u
l
t
i
p
l
i
c
a
t
i
o
n
a
s
w
e
l
l
a

s
t
h
e
c
o
m
m
u
t
a
t
i
v
e
p
r
o
p
e
r
t
y
o
f
m
a
t
r
i
x
a
d
d
i
t
i
o
n
.
[

1
0
0
]

E
a
r
l
y
m
a
t
r
i
x
t
h
e
o
r
y
h
a
d
l
i
m
i
t
e
d
t
h
e
u
s
e
o
f
a

r
r
a
y
s
a
l
m
o
s
t
e
x
c
l
u
s
i
v
e
l
y
t
o
d
e
t
e
r
m
i
n
a
n
t
s
a
n
d
A
r

t
h
u
r
C
a
y
l
e
y
'
s
a
b
s
t
r
a
c
t
m
a
t
r
i
x
o
p
e
r
a
t
i
o
n
s
w
e
r
e
r

e
v
o
l
u
t
i
o
n
a
r
y
.
H
e
w
a
s
i
n
s
t
r
u
m
e
n
t
a
l
i
n
p
r
o
p
o
s
i
n
g

a
m
a
t
r
i
x
c
o
n
c
e
p
t
i
n
d
e
p
e
n
d
e
n
t
o
f
e
q
u
a
t
i
o
n
s
y
s
t
e
m

s
.
I
n
1
8
5
8
C
a
y
l
e
y
p
u
b
l
i
s
h
e
d
h
i
s
M
e
m
o
i
r
o
n
t
h
e
t

h
e
o
r
y
o
f
m
a
t
r
i
c
e
s
[
1
0
6
]
[
1
0
7
]

i
n
w
h
i
c
h
h
e
p
r
o
p
o
s

e
d
a
n
d
d
e
m
o
n
s
t
r
a
t
e
d
t
h
e
C
a
y
l
e
y
H
a
m
i
l
t
o
n
t
h
e
o
r
e

m
.
[
1
0
0
]

A
n
E
n
g
l
i
s
h
m
a
t
h
e
m
a
t
i
c
i
a
n
n
a
m
e
d
C
u
l
l
i
s

w
a
s
t
h
e
f
i
r
s
t
t
o
u
s
e
m
o
d
e
r
n
b
r
a
c
k
e
t
n
o
t
a
t
i
o
n
f
o
r
m

a
t
r
i
c
e
s
i
n
1
9
1
3
a
n
d
h
e
s
i
m
u
l
t
a
n
e
o
u
s
l
y
d
e
m
o
n
s
t
r
a

t
e
d
t
h
e
f
i
r
s
t
s
i
g
n
i
f
i
c
a
n
t
u
s
e
t
h
e
n
o
t
a
t
i
o
n
A
=
[
a

i
,
j

]
t
o
r
e
p
r
e
s
e
n
t
a
m
a
t
r
i
x
w
h
e
r
e
a
i
,
j

r
e
f
e
r
s
t
o

t
h
e
i
t
h
r
o
w
a
n
d
t
h
e
j
t
h
c
o
l
u
m
n
.
[
1
0
0
]

T
h
e
s
t
u
d
y

o
f
d
e
t
e
r
m
i
n
a
n
t
s
s
p
r
a
n
g
f
r
o
m
s
e
v
e
r
a
l
s
o
u
r
c
e
s
.
[
1

0
8
]

N
u
m
b
e
r
t
h
e
o
r
e
t
i
c
a
l
p
r
o
b
l
e
m
s
l
e
d
G
a
u
s
s

t
o
r
e
l
a
t
e
c
o
e
f
f
i
c
i
e
n
t
s
o
f
q
u
a
d
r
a
t
i
c
f
o
r
m
s
,
i
.
e

.
,
e
x
p
r
e
s
s
i
o
n
s
s
u
c
h
a
s
x
2

+
x
y

2
y
2

,
a
n
d
l
i
n
e

a
r
m
a
p
s
i
n
t
h
r
e
e
d
i
m
e
n
s
i
o
n
s
t
o
m
a
t
r
i
c
e
s
.
E
i
s
e
n

s
t
e
i
n
f
u
r
t
h
e
r
d
e
v
e
l
o
p
e
d
t
h
e
s
e
n
o
t
i
o
n
s
,
i
n
c
l
u
d

i
n
g
t
h
e
r
e
m
a
r
k
t
h
a
t
,
i
n
m
o
d
e
r
n
p
a
r
l
a
n
c
e
,
m
a
t
r
i
x

p
r
o
d
u
c
t
s
a
r
e
n
o
n
c
o
m
m
u
t
a
t
i
v
e
.
C
a
u
c
h
y
w
a
s
t
h

e
f
i
r
s
t
t
o
p
r
o
v
e
g
e
n
e
r
a
l
s
t
a
t
e
m
e
n
t
s
a
b
o
u
t
d
e
t
e
r
m

i
n
a
n
t
s
,
u
s
i
n
g
a
s
d
e
f
i
n
i
t
i
o
n
o
f
t
h
e
d
e
t
e
r
m
i
n
a
n
t
o

f
a
m
a
t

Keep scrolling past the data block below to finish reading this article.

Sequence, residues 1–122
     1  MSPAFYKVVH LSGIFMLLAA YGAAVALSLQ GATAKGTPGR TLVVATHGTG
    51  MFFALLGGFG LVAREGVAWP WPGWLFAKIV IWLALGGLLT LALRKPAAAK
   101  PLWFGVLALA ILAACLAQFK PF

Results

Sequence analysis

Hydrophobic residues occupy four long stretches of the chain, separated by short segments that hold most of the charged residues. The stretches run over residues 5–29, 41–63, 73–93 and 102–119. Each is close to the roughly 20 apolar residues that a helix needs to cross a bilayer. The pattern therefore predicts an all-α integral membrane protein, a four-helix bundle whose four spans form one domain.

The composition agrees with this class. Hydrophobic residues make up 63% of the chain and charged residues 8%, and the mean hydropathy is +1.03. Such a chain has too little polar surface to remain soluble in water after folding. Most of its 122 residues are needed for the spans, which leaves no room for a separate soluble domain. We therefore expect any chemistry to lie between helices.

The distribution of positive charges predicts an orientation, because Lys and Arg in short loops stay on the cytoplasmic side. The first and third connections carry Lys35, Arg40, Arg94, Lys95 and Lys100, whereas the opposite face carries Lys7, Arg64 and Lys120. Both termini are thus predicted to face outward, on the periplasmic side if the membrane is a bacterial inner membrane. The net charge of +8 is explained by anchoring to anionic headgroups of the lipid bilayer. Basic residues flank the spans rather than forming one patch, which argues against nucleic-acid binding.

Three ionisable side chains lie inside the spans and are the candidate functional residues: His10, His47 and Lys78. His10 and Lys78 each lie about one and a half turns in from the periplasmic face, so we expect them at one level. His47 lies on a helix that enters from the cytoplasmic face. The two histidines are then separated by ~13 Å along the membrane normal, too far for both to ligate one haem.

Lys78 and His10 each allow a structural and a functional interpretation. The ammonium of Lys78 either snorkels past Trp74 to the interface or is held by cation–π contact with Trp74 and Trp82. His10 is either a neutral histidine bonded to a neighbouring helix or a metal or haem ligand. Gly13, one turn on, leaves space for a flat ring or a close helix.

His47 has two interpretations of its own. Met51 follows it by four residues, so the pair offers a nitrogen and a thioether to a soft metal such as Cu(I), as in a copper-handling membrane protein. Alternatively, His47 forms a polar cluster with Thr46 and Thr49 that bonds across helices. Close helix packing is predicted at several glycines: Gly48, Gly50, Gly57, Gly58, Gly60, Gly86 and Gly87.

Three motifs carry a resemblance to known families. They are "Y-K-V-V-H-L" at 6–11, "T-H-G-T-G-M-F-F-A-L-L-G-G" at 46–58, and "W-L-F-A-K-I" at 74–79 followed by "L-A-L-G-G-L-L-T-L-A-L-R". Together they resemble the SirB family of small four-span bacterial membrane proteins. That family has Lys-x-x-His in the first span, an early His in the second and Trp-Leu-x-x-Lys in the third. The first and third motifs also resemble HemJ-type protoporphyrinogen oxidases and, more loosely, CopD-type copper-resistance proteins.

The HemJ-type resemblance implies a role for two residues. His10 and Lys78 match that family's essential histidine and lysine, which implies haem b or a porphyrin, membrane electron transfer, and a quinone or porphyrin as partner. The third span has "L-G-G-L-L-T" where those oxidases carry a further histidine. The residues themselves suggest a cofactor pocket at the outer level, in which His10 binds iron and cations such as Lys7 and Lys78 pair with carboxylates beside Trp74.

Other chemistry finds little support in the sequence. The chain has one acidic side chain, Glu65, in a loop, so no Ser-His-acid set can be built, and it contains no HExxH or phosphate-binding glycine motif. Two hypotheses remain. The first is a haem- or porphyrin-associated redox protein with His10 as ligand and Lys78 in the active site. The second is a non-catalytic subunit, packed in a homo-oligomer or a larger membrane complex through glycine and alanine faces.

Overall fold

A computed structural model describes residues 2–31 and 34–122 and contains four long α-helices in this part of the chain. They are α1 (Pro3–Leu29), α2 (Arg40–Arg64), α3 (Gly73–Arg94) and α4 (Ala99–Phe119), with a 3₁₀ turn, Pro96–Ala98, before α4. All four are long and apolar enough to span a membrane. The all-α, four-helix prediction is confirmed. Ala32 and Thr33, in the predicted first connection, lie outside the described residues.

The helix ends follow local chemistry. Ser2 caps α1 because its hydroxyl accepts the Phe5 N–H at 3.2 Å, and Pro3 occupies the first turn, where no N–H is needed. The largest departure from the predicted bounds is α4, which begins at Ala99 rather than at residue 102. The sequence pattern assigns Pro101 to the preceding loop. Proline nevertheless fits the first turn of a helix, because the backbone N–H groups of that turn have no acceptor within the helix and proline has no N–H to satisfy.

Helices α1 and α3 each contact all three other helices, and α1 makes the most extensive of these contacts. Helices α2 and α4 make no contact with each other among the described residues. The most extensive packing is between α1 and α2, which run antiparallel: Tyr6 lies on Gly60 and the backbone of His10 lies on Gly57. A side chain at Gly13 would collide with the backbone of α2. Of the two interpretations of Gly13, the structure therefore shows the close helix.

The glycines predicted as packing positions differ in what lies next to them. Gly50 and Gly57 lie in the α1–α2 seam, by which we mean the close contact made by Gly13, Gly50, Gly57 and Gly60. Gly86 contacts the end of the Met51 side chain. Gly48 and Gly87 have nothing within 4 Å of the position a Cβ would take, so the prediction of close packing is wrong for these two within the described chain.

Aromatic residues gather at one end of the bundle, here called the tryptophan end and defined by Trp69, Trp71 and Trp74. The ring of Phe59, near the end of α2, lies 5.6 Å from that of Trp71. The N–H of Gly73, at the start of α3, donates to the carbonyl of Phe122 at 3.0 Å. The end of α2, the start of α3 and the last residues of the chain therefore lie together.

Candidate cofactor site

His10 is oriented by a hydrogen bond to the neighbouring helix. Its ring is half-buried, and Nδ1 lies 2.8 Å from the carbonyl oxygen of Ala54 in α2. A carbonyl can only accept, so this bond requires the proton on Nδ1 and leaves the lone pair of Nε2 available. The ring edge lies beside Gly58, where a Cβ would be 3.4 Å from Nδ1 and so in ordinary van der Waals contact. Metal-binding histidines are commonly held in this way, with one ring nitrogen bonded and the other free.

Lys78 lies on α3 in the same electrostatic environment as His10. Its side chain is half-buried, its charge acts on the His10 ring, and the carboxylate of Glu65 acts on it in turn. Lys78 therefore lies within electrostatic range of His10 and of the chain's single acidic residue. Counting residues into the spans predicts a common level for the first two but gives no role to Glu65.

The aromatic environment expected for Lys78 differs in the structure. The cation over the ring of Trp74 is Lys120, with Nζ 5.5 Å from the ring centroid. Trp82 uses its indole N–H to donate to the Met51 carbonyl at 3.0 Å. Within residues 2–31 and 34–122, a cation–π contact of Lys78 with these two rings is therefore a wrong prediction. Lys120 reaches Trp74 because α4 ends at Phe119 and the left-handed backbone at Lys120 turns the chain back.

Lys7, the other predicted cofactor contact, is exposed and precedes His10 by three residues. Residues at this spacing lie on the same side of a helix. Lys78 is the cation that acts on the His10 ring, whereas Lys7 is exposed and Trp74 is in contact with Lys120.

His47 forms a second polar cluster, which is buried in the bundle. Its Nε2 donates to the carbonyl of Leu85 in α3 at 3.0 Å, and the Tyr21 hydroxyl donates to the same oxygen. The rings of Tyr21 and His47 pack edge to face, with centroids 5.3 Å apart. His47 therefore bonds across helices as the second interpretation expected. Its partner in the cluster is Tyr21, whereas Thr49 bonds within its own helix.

r
i
x
A
=
[
a
i
,
j

]
t
h
e
f
o
l
l
o
w
i
n
g
:
r
e
p
l
a
c
e
t
h
e

p
o
w
e
r
s
a
j
k

b
y
a
j
k

i
n
t
h
e
p
o
l
y
n
o
m
i
a
l

,
w
h
e
r

d
e
n
o
t
e
s
t
h
e
p
r
o
d
u
c
t
o
f
t
h
e
i
n
d
i
c
a
t
e
d
t
e
r
m
s
.

H
e
a
l
s
o
s
h
o
w
e
d
,
i
n
1
8
2
9
,
t
h
a
t
t
h
e
e
i
g
e
n
v
a
l
u
e
s
o

f
s
y
m
m
e
t
r
i
c
m
a
t
r
i
c
e
s
a
r
e
r
e
a
l
.
[
1
0
9
]

J
a
c
o
b
i
s
t

u
d
i
e
d
"
f
u
n
c
t
i
o
n
a
l
d
e
t
e
r
m
i
n
a
n
t
s
"

l
a
t
e
r
c
a
l
l
e
d

J
a
c
o
b
i
d
e
t
e
r
m
i
n
a
n
t
s
b
y
S
y
l
v
e
s
t
e
r

w
h
i
c
h
c
a
n
b

e
u
s
e
d
t
o
d
e
s
c
r
i
b
e
g
e
o
m
e
t
r
i
c
t
r
a
n
s
f
o
r
m
a
t
i
o
n
s
a
t

a
l
o
c
a
l
(
o
r
i
n
f
i
n
i
t
e
s
i
m
a
l
)
l
e
v
e
l
,
s
e
e
a
b
o
v
e
;

K
r
o
n
e
c
k
e
r
'
s
V
o
r
l
e
s
u
n
g
e
n

b
e
r
d
i
e
T
h
e
o
r
i
e
d
e
r
D

e
t
e
r
m
i
n
a
n
t
e
n
[
1
1
0
]

a
n
d
W
e
i
e
r
s
t
r
a
s
s
'
Z
u
r
D
e
t

e
r
m
i
n
a
n
t
e
n
t
h
e
o
r
i
e
,
[
1
1
1
]

b
o
t
h
p
u
b
l
i
s
h
e
d
i
n
1
9

0
3
,
f
i
r
s
t
t
r
e
a
t
e
d
d
e
t
e
r
m
i
n
a
n
t
s
a
x
i
o
m
a
t
i
c
a
l
l
y

,
a
s
o
p
p
o
s
e
d
t
o
p
r
e
v
i
o
u
s
m
o
r
e
c
o
n
c
r
e
t
e
a
p
p
r
o
a
c
h
e

s
s
u
c
h
a
s
t
h
e
m
e
n
t
i
o
n
e
d
f
o
r
m
u
l
a
o
f
C
a
u
c
h
y
.
A
t
t
h
a
t

p
o
i
n
t
,
d
e
t
e
r
m
i
n
a
n
t
s
w
e
r
e
f
i
r
m
l
y
e
s
t
a
b
l
i
s
h
e
d
.

M
a
n
y
t
h
e
o
r
e
m
s
w
e
r
e
f
i
r
s
t
e
s
t
a
b
l
i
s
h
e
d
f
o
r
s
m
a
l
l
m

a
t
r
i
c
e
s
o
n
l
y
,
f
o
r
e
x
a
m
p
l
e
t
h
e
C
a
y
l
e
y

H
a
m
i
l
t
o
n

t
h
e
o
r
e
m
w
a
s
p
r
o
v
e
d
f
o
r
2

2
m
a
t
r
i
c
e
s
b
y
C
a
y
l
e
y
i
n

t
h
e
a
f
o
r
e
m
e
n
t
i
o
n
e
d
m
e
m
o
i
r
,
a
n
d
b
y
H
a
m
i
l
t
o
n
f
o

r
4

4
m
a
t
r
i
c
e
s
.
F
r
o
b
e
n
i
u
s
,
w
o
r
k
i
n
g
o
n
b
i
l